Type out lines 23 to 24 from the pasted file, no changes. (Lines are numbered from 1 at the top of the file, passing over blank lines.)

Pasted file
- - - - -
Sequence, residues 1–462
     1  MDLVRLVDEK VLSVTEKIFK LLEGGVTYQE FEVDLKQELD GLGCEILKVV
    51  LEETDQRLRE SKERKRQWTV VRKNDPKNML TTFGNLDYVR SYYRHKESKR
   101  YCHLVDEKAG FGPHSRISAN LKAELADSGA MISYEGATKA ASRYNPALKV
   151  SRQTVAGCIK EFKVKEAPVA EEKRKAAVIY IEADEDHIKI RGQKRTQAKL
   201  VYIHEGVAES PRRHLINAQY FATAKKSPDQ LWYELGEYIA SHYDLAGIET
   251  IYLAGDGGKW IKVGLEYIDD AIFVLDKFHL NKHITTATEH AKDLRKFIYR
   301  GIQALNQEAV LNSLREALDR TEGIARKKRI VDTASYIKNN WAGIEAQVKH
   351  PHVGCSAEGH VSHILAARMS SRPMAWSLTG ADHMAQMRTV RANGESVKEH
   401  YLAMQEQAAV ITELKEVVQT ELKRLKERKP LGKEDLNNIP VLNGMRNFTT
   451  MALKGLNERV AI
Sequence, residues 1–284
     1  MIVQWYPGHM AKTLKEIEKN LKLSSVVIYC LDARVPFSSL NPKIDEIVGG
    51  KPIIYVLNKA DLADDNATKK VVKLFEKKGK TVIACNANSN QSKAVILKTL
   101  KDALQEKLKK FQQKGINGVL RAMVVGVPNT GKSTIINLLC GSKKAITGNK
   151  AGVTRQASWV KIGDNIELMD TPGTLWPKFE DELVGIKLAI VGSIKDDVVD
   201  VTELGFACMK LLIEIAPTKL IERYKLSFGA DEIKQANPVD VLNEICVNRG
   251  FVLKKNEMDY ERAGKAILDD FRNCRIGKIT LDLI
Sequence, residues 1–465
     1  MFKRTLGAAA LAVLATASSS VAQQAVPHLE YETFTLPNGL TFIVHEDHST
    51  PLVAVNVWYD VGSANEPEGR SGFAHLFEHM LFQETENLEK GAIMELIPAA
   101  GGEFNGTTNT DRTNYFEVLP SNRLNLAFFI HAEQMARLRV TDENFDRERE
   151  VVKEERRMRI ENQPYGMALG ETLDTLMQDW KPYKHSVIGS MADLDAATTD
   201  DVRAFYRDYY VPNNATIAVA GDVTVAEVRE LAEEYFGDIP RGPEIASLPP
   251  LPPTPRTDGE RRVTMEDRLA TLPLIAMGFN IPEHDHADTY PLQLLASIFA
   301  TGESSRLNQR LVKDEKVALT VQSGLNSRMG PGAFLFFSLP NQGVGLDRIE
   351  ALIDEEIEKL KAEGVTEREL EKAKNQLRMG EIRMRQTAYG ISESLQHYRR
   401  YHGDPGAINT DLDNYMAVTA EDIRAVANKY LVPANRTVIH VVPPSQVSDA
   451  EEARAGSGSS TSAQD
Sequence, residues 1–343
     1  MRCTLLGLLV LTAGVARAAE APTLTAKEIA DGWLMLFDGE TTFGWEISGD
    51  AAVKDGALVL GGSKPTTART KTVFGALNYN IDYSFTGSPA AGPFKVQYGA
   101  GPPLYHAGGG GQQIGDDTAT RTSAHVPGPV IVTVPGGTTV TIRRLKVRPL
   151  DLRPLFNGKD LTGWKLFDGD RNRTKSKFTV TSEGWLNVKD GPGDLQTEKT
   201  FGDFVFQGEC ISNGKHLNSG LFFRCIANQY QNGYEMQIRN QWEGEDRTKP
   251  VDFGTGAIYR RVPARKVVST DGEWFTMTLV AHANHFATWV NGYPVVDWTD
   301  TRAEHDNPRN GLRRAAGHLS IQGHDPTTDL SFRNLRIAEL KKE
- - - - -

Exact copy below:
   151  VVKEERRMRI ENQPYGMALG ETLDTLMQDW KPYKHSVIGS MADLDAATTD
   201  DVRAFYRDYY VPNNATIAVA GDVTVAEVRE LAEEYFGDIP RGPEIASLPP